This week we’re zooming in on the upper Midwest – Michigan, Minnesota, Illinois, and Wisconsin – to evaluate which states are successfully promoting energy efficiency and electrification legislation and which might be lagging. When all is said and done, will there be one state that takes the crown? Check out the visual above for a sneak peek. 

Let’s start with Illinois. Thanks to the recent enactment of the Climate and Equitable Jobs Act (CEJA), the state has charged ahead as a national leader in climate policy. The bill is a landmark piece of legislation for Illinois, setting a goal of 100 percent clean energy by 2050 with steppingstone goals along the way. 

While CEJA focuses on energy generation, buildings were not forgotten. Firstly, the bill creates new funding mechanisms for home-energy upgrades which will help cover upfront costs. Additionally, it adopts the Energy Efficient Building Code as the minimum requirement for commercial buildings. The code aims to reduce emissions from commercial and residential buildings and to control costs for ratepayers, both of which point towards the adoption of clean HVAC technologies and equity considerations.  

Michigan isn’t far behind when it comes to clean building policy. In fact, in 2007 then-Governor Jennifer Granholm (now U.S. Secretary of Energy) issued an executive order renewing the state’s commitment to energy efficiency, aiming to reduce public energy purchases 25 percent by 2015.  

Thirteen years later, Governor Gretchen Whitmer issued another, far more ambitious directive: the creation of Michigan’s Healthy Climate Plan. The ambitions of the 2020 directive include a 28 percent reduction in state greenhouse gas emissions by 2025 (from 1990 levels) and economy-wide carbon neutrality by 2050.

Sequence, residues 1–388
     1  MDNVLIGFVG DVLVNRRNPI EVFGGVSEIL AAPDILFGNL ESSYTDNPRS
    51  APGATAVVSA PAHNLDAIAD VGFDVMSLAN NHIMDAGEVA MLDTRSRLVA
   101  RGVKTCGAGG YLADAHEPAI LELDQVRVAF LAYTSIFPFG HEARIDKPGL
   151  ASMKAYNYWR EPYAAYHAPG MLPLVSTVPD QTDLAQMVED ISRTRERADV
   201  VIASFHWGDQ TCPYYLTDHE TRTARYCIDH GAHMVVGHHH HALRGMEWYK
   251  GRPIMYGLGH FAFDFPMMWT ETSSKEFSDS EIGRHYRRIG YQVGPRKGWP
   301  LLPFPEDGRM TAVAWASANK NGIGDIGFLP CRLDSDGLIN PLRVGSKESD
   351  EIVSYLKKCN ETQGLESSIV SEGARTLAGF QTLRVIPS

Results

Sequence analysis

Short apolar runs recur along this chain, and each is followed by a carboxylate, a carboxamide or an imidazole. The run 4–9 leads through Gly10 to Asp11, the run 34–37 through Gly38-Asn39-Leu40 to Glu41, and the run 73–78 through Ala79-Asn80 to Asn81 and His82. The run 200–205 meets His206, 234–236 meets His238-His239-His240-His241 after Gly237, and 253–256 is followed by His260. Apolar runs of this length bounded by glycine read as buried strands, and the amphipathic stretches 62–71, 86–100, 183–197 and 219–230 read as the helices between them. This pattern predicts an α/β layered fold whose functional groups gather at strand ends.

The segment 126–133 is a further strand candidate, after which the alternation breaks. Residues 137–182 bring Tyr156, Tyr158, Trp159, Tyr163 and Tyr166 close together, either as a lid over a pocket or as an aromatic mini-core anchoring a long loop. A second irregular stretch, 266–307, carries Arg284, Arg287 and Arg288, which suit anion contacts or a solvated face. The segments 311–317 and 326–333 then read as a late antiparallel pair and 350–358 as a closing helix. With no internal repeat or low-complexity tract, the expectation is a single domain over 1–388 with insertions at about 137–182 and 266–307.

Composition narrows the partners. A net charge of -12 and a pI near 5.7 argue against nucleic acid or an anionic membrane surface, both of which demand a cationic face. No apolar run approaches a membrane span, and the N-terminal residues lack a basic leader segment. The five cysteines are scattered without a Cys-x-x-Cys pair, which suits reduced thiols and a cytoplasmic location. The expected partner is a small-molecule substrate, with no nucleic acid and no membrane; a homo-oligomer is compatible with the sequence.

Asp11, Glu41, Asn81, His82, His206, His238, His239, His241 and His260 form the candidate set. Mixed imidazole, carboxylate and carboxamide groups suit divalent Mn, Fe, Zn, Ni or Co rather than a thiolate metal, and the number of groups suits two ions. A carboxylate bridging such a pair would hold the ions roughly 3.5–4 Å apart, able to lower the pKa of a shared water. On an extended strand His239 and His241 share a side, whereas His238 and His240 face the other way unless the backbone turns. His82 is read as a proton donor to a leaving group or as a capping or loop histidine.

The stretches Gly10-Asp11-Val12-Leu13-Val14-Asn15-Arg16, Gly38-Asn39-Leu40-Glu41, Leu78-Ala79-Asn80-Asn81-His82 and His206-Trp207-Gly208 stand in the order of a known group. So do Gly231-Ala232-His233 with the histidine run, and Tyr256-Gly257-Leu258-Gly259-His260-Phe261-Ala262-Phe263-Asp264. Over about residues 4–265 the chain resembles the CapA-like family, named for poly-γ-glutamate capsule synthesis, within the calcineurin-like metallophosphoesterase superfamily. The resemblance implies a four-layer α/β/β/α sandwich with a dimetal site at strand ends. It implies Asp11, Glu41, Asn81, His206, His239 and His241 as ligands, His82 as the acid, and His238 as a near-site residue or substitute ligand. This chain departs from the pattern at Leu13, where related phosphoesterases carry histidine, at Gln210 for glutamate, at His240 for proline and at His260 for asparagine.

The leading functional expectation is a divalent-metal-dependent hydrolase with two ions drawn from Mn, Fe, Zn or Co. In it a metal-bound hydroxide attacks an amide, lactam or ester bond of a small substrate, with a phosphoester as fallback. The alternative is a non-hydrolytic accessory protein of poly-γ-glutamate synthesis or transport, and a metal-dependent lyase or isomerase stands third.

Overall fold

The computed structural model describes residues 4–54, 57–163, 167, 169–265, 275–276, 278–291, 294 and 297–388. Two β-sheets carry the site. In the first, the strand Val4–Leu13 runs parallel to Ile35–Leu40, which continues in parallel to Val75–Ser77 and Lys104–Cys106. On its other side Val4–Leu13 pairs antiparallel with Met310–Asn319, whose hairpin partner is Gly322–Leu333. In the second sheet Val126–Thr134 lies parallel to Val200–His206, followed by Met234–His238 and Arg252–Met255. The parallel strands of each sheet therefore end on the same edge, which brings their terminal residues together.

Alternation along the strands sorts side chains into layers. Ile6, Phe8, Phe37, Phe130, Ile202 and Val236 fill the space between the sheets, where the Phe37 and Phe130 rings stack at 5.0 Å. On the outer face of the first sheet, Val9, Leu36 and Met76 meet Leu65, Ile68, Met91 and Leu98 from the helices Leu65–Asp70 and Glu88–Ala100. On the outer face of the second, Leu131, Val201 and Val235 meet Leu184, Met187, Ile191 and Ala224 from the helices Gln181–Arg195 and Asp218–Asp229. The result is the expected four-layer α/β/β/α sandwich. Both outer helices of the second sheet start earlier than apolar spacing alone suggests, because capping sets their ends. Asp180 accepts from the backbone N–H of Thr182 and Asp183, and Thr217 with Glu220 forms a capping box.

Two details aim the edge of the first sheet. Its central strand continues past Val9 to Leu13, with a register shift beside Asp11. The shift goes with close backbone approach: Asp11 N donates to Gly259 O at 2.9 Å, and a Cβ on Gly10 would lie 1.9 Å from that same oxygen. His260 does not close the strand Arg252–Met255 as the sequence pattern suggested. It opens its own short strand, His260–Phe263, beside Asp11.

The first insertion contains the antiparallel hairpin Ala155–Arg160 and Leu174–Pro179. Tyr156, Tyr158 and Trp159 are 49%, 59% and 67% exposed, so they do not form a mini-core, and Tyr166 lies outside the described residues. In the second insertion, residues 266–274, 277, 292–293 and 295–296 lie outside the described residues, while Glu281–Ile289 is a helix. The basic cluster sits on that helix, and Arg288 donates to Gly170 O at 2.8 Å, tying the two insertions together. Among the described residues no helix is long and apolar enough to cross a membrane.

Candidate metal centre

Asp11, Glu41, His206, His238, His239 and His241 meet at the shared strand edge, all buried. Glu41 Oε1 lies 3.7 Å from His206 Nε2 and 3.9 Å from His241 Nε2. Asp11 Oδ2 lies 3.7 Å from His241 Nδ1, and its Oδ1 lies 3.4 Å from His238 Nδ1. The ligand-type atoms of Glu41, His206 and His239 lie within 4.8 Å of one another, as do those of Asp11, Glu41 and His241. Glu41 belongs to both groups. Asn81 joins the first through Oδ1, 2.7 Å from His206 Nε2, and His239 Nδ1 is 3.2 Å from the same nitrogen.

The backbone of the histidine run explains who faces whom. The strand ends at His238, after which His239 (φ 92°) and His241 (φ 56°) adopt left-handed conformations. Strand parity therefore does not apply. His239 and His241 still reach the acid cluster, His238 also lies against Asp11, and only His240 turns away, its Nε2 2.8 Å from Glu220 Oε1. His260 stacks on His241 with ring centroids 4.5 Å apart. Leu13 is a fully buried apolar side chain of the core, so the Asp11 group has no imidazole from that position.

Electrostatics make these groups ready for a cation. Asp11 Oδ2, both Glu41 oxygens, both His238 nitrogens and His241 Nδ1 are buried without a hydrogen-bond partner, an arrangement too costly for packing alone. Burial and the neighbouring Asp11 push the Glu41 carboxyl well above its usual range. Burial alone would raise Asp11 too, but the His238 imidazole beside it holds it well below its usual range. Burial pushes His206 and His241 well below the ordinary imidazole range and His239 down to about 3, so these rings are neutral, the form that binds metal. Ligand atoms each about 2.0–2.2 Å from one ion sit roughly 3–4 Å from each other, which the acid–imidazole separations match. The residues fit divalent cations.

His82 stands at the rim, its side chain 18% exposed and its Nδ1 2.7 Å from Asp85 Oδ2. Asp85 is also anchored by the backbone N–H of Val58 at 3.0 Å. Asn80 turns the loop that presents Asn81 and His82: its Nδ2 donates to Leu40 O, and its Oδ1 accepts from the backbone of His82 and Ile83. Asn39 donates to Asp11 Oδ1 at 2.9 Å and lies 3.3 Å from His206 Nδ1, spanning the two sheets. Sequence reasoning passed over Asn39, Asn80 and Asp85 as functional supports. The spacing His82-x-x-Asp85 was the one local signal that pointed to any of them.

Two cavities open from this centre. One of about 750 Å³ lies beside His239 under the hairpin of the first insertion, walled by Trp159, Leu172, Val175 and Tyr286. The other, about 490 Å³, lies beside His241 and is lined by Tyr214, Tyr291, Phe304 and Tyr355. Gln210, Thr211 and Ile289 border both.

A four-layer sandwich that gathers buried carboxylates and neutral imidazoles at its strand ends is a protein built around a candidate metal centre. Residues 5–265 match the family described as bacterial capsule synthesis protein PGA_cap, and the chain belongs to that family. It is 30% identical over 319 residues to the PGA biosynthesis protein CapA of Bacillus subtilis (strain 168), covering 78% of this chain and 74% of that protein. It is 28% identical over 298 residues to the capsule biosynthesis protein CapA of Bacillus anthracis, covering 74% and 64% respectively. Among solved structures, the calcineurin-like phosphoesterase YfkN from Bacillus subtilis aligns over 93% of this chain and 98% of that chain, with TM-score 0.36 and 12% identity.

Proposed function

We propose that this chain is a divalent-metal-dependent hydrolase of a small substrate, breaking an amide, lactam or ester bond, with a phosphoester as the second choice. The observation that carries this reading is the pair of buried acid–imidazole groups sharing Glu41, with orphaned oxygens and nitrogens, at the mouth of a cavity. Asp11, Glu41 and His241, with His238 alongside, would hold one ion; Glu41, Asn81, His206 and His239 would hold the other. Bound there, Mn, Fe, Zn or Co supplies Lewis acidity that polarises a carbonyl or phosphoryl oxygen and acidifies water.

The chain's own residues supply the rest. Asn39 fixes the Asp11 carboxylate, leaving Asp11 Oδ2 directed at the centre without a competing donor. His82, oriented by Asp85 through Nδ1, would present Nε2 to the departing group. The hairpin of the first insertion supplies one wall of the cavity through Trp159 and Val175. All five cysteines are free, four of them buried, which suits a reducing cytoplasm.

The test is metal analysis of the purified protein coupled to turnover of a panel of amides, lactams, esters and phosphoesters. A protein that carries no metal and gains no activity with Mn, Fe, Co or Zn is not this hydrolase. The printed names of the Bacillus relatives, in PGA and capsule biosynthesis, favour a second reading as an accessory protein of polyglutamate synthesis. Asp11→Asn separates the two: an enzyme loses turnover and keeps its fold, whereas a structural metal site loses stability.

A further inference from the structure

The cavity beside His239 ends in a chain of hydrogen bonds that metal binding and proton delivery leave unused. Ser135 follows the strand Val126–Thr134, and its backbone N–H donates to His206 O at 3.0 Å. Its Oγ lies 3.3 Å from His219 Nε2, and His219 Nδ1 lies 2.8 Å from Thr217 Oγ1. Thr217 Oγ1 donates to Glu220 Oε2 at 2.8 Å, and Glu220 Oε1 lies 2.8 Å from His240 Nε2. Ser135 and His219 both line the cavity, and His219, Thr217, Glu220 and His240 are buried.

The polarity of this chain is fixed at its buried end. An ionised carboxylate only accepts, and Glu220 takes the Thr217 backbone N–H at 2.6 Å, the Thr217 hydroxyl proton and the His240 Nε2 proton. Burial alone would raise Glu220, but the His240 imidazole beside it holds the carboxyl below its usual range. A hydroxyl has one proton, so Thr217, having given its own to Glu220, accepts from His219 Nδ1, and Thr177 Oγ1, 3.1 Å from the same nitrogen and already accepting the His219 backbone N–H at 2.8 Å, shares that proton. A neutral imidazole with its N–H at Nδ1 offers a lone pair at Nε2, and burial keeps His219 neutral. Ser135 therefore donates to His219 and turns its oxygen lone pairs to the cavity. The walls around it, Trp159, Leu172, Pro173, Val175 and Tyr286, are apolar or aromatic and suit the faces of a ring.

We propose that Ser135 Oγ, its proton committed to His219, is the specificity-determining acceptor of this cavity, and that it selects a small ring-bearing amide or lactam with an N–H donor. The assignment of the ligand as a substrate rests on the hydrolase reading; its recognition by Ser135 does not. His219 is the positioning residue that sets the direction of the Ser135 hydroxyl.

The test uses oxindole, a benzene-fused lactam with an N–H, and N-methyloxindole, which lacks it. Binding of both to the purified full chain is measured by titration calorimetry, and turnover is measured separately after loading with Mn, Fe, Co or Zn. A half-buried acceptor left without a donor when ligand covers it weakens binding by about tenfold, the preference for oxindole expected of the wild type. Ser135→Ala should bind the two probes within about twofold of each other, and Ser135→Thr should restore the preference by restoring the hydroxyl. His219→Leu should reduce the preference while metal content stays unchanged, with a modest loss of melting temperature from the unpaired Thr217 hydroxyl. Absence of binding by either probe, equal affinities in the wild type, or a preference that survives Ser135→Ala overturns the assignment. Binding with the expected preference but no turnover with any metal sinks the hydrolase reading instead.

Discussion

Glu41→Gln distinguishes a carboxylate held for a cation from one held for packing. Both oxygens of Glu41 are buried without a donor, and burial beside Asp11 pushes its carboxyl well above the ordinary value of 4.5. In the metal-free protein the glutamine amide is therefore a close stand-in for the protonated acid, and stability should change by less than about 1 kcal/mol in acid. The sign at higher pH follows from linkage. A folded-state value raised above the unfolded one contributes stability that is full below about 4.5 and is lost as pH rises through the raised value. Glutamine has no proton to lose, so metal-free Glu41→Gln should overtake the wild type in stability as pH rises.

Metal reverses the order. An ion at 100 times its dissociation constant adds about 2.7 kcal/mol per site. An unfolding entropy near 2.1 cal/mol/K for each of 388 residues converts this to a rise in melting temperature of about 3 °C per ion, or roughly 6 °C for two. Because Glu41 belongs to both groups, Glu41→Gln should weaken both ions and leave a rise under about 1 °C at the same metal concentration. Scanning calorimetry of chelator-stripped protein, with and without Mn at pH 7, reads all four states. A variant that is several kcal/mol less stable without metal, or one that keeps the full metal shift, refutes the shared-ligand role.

While the plan is still in the works, one thing is clear: building decarbonization – specifically of Michigan’s existing stock – is an integral part of the equation. Here’s a direct quote from the draft plan: “When we rehabilitate an existing home or commercial space, we reduce GHG emissions and support decarbonization not only by lowering a building’s future energy needs but also by extending the useful life of all the materials used in its construction.”  

Next, we turn to Minnesota. Not to be outdone by its neighboring states, Minnesota enacted the Energy Conservation and Optimization Act (ECO) this past May. The legislation increases Minnesota’s energy savings target from 1.5 to 2.5 percent (which is much larger than it sounds when considering the scale) and expands its scope to include beneficial electrification and load management. Additionally, ECO increases utility funding for low-income customers and re-allows utilities to fuel-switch when pragmatic (it was banned in 2005).  

That leaves us with Wisconsin, the laggard of the bunch. In 2012, former Governor Kevin Walker issued Executive Order 63, unfortunately reducing the efficiency goal for state facilities from 30 to 10 percent above the state’s commercial building code. However, as the visualization above indicates, the state remains ahead of the pack on gas savings programs. 

Going into the second quarter of 2022, we’re calling it a three-way tie between Illinois, Michigan, and Minnesota. All three states have made a great push towards electrification and increased energy efficiency, setting an example for the rest of the country to follow.  

Who would you crown monarch of the Upper Midwest? Let us know! 

About the author: Noah Gabriel

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